A COUPLE challenging fees demanded by a parking firm which claimed it had not received their letters have won a court case.
Simon and Natalie Adams, from Stretton, said they were 'ecstatic' after a judge at Derby County Court said she believed they had written the letters and ruled they did not need to pay a penny of the £215 requested by ParkingEye.
"We've just had 18 months of torture because of threats of county court judgements and taking us to court and we're just so relieved it's all over," said Mrs Adams, 31.
Their parking fee saga began when Mr Adams, 38, visited Family Bargains, off Horninglow Road, in Burton on December 20, 2012, and outstayed the allowed parking time by 15 minutes.
ParkingEye, which manage car parking at the site, sent Mr Adams a letter – dated December 29 – with photographs of his car arriving at 1.01pm and leaving at 4.16pm.
A notice at the site stated '3 hour max stay - customer only car park'.
The letter asked him to pay £60 within two weeks or £100 within a month and said he could appeal by sending store receipts. Mrs Adams told the court that in January 2013 they sent a letter to appeal the £100 charge, including the receipt of the money spent by Mr Adams in Family Bargains. Then again in February 2013, after the firm said it had not received the first letter.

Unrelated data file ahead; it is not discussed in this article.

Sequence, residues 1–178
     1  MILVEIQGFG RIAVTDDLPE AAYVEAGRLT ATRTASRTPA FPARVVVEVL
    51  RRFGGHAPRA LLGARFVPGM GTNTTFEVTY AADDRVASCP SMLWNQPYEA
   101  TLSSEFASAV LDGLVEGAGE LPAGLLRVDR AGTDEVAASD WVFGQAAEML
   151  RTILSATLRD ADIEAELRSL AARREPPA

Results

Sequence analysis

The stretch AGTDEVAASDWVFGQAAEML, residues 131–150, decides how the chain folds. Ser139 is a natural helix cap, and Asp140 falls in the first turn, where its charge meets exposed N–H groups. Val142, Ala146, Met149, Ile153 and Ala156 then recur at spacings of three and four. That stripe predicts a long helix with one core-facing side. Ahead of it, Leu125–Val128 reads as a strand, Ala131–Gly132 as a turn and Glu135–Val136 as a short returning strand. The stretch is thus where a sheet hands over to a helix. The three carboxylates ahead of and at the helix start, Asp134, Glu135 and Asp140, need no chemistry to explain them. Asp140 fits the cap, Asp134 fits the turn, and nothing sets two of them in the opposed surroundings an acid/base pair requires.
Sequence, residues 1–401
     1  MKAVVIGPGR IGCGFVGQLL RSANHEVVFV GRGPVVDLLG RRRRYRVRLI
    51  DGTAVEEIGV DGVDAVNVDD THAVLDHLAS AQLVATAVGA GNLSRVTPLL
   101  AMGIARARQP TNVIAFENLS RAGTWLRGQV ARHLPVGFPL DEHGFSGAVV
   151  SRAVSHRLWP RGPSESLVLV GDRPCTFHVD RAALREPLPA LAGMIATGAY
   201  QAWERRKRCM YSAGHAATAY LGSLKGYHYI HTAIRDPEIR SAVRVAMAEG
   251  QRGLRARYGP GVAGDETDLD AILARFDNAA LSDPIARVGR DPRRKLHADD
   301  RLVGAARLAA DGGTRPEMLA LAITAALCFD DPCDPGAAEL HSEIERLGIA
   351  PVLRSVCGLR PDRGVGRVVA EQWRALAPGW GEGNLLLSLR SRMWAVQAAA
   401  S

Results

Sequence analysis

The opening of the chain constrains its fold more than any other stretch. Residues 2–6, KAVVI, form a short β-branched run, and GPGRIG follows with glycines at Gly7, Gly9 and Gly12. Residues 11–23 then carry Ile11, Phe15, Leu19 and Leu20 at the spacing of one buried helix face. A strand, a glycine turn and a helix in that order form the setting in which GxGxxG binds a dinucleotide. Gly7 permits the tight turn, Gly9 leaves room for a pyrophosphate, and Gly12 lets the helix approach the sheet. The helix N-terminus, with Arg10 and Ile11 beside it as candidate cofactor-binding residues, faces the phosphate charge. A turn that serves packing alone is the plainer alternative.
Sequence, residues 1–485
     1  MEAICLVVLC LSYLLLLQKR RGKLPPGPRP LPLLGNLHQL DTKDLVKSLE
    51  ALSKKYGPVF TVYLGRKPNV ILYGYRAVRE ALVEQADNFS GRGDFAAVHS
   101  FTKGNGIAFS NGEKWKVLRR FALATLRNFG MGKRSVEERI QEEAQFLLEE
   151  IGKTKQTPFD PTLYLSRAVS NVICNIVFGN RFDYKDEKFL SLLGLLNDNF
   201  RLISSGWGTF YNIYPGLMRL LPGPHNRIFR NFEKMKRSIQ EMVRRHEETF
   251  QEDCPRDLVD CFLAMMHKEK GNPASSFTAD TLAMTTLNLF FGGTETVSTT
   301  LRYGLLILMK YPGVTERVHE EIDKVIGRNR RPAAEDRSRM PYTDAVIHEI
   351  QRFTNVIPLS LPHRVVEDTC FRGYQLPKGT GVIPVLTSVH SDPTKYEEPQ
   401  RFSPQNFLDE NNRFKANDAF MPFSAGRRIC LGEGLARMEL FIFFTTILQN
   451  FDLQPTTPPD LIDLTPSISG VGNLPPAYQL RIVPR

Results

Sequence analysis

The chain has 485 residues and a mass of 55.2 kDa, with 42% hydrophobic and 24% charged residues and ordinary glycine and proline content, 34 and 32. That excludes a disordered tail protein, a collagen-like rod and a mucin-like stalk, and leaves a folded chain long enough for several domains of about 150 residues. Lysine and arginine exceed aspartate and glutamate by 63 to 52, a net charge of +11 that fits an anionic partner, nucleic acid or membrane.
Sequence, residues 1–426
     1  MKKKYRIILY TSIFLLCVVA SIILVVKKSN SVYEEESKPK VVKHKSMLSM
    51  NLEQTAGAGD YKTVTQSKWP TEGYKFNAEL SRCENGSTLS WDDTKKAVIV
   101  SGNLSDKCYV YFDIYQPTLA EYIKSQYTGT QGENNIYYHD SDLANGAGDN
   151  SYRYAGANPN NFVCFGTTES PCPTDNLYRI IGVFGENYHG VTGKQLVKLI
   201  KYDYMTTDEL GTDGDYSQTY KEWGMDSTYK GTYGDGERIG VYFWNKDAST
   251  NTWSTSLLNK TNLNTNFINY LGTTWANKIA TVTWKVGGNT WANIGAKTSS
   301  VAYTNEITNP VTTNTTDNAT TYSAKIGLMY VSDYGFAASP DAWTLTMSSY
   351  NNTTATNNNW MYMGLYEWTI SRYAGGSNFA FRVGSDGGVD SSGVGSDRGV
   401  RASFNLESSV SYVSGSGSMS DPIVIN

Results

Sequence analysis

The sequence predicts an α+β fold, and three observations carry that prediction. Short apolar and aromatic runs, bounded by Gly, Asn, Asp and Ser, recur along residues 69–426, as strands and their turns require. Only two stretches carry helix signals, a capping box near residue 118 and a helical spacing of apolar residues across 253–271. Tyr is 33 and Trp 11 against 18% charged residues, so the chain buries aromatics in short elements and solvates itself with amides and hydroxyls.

There was further correspondence between them in July last year by phone and email, with ParkingEye saying it had not received any proof of Mr Adams using the store. The couple told the court they then sent another letter attaching the bank statement.
They thought that was the end of it, but in November last year, Mr Adams received a court letter demanding the sum of £165.
He emailed ParkingEye and received a reply, which said the firm had never received any of his letters and a County Court Claim had been lodged against him for a £165 parking penalty plus £50 costs for it having to go to court.
At the end of the hearing District Judge Elizabeth Williscroft said: "There's a dispute between the parties whether the defendant and his wife did provide proof of purchase over some period of time.
She said ParkingEye said it did not receive correspondence but ruled, on the balance of probability, that it did.